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Scents and Sensibility

Posted by vmsalama on July 11, 2008

Vivian Salama

The National | July 08. 2008 9:40PM UAE

Throughout history Arabs have used fragrance as a form of art, a symbol of reverence and a token of beauty. In the 13th century the Sufi Arab mystic, Ibn Arabi, wrote in his masterpiece, Pearls of Wisdom, “of all the worldly goods, three things are dearest to my heart: perfume, women and prayer”. 

Centuries earlier, the art of perfume-making was documented on the walls of the tomb of Petosiris by ancient Egyptians, who used different scents for everything from hygiene and prayer to animal sacrifice and mummification. When Tutankhamen’s tomb was opened some 3,300 years after his death, the scent of perfume could still be detected there.

Today perfume still plays an integral, albeit more subtle, role in Arab and non-Arab societies alike. And, with oils and fragrances ranging in price from a few dirhams to thousands of dollars, it is big business. Revenue from perfume sales in the Middle East is an estimated US$3 billion (Dh11.01bn) a year, with the UAE accounting for one quarter of sales. 

“Unlike in other parts of the world the perfume industry here stems from the rich culture and heritage of the people of this region,” explained Salim Kalsekar, the managing director of Rasasi Perfumes in Jebel Ali.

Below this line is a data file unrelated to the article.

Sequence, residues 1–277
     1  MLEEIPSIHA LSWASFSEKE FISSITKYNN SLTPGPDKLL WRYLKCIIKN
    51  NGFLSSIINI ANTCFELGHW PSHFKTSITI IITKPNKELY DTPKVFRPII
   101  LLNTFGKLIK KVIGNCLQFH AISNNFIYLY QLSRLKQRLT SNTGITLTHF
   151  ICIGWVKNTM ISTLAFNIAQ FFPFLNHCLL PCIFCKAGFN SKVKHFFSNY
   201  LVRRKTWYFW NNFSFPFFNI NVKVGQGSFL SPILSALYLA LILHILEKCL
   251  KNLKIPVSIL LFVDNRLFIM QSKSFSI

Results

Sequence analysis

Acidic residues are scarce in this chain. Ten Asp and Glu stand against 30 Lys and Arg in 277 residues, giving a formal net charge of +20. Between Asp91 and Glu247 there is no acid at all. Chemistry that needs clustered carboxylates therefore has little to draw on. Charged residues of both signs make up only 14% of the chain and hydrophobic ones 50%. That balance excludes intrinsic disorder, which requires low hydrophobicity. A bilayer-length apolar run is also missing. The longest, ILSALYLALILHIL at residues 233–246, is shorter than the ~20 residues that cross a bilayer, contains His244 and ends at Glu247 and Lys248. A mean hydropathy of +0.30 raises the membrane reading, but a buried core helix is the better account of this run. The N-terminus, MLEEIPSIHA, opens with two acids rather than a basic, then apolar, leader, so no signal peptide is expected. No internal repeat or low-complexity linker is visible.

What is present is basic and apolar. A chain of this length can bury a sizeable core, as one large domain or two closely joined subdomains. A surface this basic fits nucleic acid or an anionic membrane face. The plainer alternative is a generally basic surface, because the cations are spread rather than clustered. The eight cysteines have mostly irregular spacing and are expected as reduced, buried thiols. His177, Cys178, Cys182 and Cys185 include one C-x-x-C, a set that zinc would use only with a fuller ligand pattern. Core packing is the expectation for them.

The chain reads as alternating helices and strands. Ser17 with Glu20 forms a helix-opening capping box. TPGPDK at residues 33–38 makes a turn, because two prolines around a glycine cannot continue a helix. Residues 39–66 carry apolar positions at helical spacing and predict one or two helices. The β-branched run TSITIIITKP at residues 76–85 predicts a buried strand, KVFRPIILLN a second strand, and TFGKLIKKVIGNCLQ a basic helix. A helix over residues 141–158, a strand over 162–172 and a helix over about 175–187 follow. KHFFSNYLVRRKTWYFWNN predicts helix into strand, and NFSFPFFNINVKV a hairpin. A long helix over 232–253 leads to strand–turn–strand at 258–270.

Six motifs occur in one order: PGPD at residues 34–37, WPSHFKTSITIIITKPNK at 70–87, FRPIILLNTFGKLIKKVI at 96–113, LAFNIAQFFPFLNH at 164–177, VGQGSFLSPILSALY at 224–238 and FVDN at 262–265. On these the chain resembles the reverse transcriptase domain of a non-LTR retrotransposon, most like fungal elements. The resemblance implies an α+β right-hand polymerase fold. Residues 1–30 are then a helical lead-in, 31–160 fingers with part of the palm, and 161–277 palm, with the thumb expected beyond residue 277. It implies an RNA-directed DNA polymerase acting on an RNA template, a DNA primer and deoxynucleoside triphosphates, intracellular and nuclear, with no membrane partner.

Perfumes are the highest-grossing products at Dubai Duty Free, last year earning $122 million, or 14 per cent of total sales. Leading perfume makers estimate that their profit from sales in the city of Dubai is between three and five times greater than any other market in the region. Industry professionals estimate that each person in the GCC spends an average of $334 on perfumes and cosmetics per year.

“Call it an obsession or a love connection with fragrances,” said Abdulla Ajmal, the deputy general manager of Ajmal Perfumes. “In this part of the world it’s about individuality. Men wear the dishdash and women wear abayas. Their faces, whether via make-up or grooming, and their scent, are the clearest ways to exert their individuality.”

The global perfume industry is in a period of expansion and diffusion, with new fragrances, a new emphasis on bottle design, and the use of celebrity endorsement to boost sales.

A 2008 Euromonitor International report showed that global fragrance sales were worth $30.5bn in 2006. The French perfume industry commands a 40 per cent share of a global market in which the world’s emerging economies are becoming increasingly important. 

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